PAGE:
ISLAMABAD: There is a need for new legislation to enable authorities to hold someone responsible for enforced disappearances. At the same time, the extent of the issue is being confused by activists such as Mama Qadeer, who could not back up his claims regarding the number of missing persons. These were among the comments made by Commission of Inquiry on Enforced Disappearances head Justice (retd) Javed Iqbal on Wednesday. He was sharing details of the committee’s performance before the Senate’s Standing Committee on Human Rights. Muttahida Qaumi Movement-Pakistan’s (MQM) Nasreen Jalil chaired the meeting. PHC seeks reports of 10 missing persons every week “Despite challenges, we have disposed of 2,899 cases out of a total of 4,329 cases received by the commission… We are currently processing 1,386 cases,” he said. A host of problems, he said, could be resolved if the parliament modified relevant sections the Criminal Procedures Code. Parliament, he said, should play a proactive role by empowering the committee. Nobody, he pointed out, had asked former president Pervez Musharraf when he extradited more than 2,000 Pakistanis to foreign countries despite the fact that the country had terrorism laws and regulations. “This is not a banana republic … Nobody has bothered to … hold him accountable for what he did,” he said. Missing persons details to be given in three days He also lamented that he was being blamed for not making the Abbottabad Commission Report public. “Only the government and the parliament can decide to make it public,” he [Read More…]
After 2,000 gruelling kilometres on the road, a band of families led by 72-year-old Mama Qadeer reached the end of their protest march over missing relatives in the federal capital on Friday.
They are the relatives of people who have disappeared in Pakistan’s troubled southwestern province Balochistan, allegedly at the hands of the country’s security services.
About 20 to 30 marchers, led by a retired banker known as Mama Qadeer, hoped to present a petition to UN officials in Islamabad and meet foreign diplomats to raise awareness of their cause.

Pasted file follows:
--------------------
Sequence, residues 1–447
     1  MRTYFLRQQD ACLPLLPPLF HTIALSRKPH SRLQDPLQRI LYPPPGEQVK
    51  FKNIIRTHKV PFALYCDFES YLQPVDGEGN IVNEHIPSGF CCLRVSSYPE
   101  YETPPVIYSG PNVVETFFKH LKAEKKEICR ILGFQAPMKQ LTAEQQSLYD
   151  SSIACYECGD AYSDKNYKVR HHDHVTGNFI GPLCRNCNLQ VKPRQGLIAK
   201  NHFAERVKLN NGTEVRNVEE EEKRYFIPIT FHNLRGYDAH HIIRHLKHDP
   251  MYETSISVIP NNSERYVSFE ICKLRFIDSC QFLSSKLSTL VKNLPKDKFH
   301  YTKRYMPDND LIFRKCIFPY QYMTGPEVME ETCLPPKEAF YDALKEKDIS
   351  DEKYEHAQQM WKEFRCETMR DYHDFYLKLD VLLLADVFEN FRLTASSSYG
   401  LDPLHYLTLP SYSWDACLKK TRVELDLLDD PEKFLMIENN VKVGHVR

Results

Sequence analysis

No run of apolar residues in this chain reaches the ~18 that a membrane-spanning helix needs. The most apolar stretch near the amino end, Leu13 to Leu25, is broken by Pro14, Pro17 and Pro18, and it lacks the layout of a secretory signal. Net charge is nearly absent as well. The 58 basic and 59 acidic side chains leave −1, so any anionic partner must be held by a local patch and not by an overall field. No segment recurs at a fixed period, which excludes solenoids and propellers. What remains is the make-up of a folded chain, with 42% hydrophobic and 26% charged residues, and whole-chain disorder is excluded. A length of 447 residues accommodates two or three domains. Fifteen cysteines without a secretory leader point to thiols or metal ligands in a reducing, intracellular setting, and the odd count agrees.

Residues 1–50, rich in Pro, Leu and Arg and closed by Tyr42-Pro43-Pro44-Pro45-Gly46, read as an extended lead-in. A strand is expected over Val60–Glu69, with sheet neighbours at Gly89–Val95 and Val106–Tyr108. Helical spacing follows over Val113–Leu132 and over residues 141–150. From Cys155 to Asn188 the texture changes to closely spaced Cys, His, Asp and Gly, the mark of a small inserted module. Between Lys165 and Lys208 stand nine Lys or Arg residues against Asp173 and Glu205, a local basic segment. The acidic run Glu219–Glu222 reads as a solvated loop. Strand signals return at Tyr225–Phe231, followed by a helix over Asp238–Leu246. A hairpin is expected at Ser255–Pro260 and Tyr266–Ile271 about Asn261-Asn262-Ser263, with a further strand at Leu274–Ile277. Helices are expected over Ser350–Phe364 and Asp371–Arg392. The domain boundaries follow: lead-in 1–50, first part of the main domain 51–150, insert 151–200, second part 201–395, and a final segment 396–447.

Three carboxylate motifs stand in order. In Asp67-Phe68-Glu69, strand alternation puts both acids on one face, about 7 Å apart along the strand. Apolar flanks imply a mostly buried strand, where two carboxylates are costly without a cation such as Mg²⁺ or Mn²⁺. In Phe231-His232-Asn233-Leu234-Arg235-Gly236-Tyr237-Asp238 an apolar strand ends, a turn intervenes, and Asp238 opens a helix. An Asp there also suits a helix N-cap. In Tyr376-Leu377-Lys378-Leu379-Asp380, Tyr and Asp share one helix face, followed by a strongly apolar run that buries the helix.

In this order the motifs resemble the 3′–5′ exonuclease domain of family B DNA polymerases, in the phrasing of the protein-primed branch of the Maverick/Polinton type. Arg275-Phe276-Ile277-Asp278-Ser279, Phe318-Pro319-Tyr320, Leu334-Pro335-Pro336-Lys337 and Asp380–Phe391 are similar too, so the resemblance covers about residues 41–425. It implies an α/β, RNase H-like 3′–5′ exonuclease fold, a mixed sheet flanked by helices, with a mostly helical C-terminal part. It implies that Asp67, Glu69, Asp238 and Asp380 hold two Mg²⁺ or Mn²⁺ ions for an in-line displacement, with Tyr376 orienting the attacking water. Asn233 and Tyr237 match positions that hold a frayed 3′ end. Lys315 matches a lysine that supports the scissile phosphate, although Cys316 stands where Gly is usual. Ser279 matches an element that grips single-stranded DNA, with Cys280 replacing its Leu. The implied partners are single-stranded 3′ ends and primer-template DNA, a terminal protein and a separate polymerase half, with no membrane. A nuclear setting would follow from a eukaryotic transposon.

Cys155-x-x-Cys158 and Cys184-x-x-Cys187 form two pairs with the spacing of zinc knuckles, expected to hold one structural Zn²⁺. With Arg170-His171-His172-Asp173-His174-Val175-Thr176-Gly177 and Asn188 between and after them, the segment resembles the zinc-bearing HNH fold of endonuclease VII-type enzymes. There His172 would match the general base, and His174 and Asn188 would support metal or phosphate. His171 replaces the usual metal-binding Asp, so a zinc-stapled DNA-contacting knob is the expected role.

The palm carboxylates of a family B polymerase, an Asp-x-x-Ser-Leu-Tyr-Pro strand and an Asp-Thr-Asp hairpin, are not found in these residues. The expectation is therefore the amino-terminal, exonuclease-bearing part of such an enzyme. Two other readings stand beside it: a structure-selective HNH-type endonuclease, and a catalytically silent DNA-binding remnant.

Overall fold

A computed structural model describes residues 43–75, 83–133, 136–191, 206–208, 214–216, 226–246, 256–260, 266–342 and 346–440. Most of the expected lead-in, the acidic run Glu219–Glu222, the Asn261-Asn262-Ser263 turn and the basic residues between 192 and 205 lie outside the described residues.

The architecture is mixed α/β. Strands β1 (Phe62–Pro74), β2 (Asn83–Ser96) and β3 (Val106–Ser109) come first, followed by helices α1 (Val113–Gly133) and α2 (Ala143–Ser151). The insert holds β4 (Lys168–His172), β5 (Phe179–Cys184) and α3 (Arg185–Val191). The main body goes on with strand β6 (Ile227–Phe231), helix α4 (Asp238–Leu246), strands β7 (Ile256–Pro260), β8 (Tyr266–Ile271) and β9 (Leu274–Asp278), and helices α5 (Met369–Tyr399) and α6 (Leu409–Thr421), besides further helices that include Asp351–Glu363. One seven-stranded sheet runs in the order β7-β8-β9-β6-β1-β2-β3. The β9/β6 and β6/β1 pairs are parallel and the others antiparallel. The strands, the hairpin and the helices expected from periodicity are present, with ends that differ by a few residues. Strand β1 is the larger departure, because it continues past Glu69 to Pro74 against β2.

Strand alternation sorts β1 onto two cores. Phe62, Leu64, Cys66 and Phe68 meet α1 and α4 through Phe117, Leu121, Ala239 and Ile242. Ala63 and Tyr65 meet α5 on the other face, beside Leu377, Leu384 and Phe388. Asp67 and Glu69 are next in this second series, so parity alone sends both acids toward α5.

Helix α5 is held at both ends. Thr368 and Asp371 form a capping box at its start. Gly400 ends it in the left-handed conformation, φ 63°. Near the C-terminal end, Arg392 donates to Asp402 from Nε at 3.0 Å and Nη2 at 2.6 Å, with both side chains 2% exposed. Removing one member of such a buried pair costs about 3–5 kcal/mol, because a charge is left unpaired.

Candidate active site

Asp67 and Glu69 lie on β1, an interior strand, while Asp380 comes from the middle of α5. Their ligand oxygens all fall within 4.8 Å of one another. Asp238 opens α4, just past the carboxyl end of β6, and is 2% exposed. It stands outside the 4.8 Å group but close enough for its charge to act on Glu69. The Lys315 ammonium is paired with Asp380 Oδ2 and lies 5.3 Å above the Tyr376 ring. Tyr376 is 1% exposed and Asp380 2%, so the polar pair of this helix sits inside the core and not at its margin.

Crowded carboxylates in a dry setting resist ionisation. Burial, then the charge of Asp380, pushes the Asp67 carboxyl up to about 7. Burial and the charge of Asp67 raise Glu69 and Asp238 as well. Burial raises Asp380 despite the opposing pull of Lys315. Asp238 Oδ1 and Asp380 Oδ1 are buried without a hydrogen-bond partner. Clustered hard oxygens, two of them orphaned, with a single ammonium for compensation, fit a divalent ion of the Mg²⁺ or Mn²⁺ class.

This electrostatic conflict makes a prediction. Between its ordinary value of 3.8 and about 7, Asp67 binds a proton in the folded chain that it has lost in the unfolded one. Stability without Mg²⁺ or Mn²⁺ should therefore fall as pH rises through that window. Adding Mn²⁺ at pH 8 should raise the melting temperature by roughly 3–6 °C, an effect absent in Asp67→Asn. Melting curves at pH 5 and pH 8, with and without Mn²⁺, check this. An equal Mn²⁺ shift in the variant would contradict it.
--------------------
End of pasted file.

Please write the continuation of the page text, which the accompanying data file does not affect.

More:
“We want to tell (the world) that people are being kidnapped every day in Balochistan, districts are being bombarded and almost every day we are receiving mutilated bodies,” Qadir said.
“We have no more hope in the Pakistani government, which is why we want to talk to international organisations, so they can apply pressure.”Qadeer’s son Jalil Reki, a member of the Baloch Republican Party which is suspected of links to the armed insurgency, was found shot dead in 2011 after going missing.
The marchers set out from Quetta last October, walking first 700 kilometres to Karachi, on the shores of the Arabian Sea, before turning their steps northwards to Islamabad, nestling in the foothills of the Himalayas.
Balochistan, the size of Italy and rich in copper, gold and natural gas, is Pakistan’s largest but least populous province. It is also the least developed, which has exacerbated a long-running ethnic Baloch separatist movement that wants more autonomy and a greater share of its mineral wealth.
Rights groups accuse the military and intelligence agencies of kidnapping and killing suspected Baloch rebels before leaving their bodies by the roadside.
According to Human Rights Watch, more than 300 people have suffered this fate, known as “kill and dump”, in Balochistan since January 2011.
The security services deny the allegations and say they are battling a fierce rebellion in the province.
The Supreme Court has also been investigating cases of missing people in Balochistan, issuing warnings to the government to recover these people.